Women in Leadership: Today’s Hot Topics

April 2023 | By Danielle Hochstein, Ph.D.


Recently I attended the Women in Leadership panel at the American Manufacturing Summit. The panel included senior leaders from Caterpillar, Cummins, The Boeing Company, Kimberly-Clark Corporation, Philips, and Johnson & Johnson. The conversation focused on sharing personal experiences - both accomplishments and challenges - about being a woman and an executive in male-dominated industries.

For starters, I loved that this panel was 100% in-person. While I enjoy virtual or hybrid events, there is a different feeling to live, face-to-face events. I also really appreciated the fact that the audience included many men eager to show their support. 

For each theme that the panelists addressed, there was a clear takeaway for women to adopt as leaders in business and supporters of one another. Here’s what they highlighted: 

  • Find mentors early: Being successful in a male-dominated environment, or really any environment, comes with demands that will benefit from mentorship that begins early in your career. Don’t expect those mentors to seek you out though. Be proactive and find someone whose experience and story resonate with you. Then ask if they would be willing to support you in your own journey. 
  • Know and embrace your authentic self: Sometimes there are expectations about how women should show up at work, and with that come interpretations of leadership based on stereotypes or past experiences. The best way to overcome these barriers is to understand who you are, what you bring to the table, and how you want to show up every day as an authentic leader.  That consistency will help others see you as the leader you are, not the one they might have imagined based on preconceptions.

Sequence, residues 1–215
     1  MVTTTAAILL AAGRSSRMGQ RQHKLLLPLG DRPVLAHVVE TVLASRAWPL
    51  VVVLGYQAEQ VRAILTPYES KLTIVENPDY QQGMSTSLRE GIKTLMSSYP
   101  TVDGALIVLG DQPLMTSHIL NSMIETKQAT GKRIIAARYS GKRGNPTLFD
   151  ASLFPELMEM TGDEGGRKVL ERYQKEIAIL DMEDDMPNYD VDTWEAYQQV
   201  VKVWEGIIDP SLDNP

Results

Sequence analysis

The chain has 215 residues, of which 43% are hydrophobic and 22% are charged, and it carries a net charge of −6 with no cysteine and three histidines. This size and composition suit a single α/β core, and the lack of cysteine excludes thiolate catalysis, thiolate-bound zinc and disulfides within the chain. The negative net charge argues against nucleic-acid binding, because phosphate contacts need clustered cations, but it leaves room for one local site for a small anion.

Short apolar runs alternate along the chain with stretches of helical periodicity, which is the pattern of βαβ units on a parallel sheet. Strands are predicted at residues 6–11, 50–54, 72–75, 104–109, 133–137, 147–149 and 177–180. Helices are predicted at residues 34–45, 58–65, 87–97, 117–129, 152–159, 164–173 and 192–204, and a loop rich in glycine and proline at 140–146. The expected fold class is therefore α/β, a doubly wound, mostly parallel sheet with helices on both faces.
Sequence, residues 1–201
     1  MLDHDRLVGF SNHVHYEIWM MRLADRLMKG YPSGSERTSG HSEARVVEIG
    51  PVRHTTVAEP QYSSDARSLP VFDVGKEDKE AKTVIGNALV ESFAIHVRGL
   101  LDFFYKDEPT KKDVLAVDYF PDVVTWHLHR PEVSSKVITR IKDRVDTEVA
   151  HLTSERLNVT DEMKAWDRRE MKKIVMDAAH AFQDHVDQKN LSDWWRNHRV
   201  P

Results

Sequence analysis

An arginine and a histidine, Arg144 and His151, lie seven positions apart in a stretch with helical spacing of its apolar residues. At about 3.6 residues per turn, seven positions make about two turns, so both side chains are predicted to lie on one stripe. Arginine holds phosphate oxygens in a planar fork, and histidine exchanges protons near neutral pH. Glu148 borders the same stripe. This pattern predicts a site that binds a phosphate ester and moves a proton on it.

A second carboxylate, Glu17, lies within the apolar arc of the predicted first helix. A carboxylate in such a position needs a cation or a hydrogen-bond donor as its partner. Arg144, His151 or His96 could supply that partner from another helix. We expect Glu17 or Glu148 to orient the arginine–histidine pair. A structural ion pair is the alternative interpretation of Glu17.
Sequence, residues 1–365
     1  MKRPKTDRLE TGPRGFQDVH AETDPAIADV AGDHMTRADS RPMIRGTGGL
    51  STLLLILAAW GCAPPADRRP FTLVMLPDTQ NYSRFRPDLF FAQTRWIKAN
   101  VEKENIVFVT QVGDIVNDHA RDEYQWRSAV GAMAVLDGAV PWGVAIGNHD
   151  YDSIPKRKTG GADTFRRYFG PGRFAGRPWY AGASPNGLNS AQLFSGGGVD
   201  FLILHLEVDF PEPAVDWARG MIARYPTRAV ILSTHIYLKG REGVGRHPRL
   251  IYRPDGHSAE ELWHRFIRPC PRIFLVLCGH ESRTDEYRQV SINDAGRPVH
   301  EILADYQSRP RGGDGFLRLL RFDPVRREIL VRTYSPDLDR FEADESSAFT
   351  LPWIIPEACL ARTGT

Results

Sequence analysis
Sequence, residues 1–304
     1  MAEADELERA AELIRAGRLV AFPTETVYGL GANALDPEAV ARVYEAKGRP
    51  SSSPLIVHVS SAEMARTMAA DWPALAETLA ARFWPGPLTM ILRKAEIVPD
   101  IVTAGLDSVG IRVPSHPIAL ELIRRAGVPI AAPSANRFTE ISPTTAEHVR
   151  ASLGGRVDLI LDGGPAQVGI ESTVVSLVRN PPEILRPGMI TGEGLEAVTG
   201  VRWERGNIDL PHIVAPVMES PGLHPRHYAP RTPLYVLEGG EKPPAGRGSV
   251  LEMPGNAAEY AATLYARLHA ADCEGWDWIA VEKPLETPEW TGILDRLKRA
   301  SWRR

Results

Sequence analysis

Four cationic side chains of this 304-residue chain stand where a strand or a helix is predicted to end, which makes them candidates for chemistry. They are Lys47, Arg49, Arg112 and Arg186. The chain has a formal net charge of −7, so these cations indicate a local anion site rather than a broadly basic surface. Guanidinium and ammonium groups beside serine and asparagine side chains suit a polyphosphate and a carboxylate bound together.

• Ask for the support you need: At various stages of life, women have distinct support and growth needs. Don’t be afraid to ask your organization about your options for leadership development, or for the type of work arrangement that will help you navigate life changes such as having children or attending to elderly parents. Women are more likely to be the primary caregivers in the family, so their need for flexibility is often unique. It’s okay to recognize and own it.  
  • Say "yes" to opportunities: As women, we sometimes overthink things before committing because we want to show up as our best selves. However, it’s good to be open to new projects or roles, even when you don’t have all the answers or qualifications. Trust that you’ll grow with every opportunity to learn and develop skills. This is how you embrace and design your own career path.  
  • Champion your position as a role model: Many women leaders are in a great position to actively mentor other women who are more inexperienced or junior. We should always strive to actively support one another’s career journey, and keep in mind that others are likely to watch and learn from us. It’s easy to get so hyper-focused on our own limitations that we underestimate how much other women can benefit from us sharing our stories, knowledge, and perspective.  
  • Be resilient: The demands on us as women and as leaders shift all the time, bringing in new challenges and barriers. While you won’t have control over all the variables impacting your life and career, you can navigate and actively embrace the flow of change to make the most of every situation. By staying the course with your authentic self and personal goals, you will see that your journey is worth taking, and you can count on many expected and unexpected rewards.

All of these points resonate with me, and I hope they inspire your own journey as a woman leader or as an ally to them.  

Topics: Leadership, Women in the workplace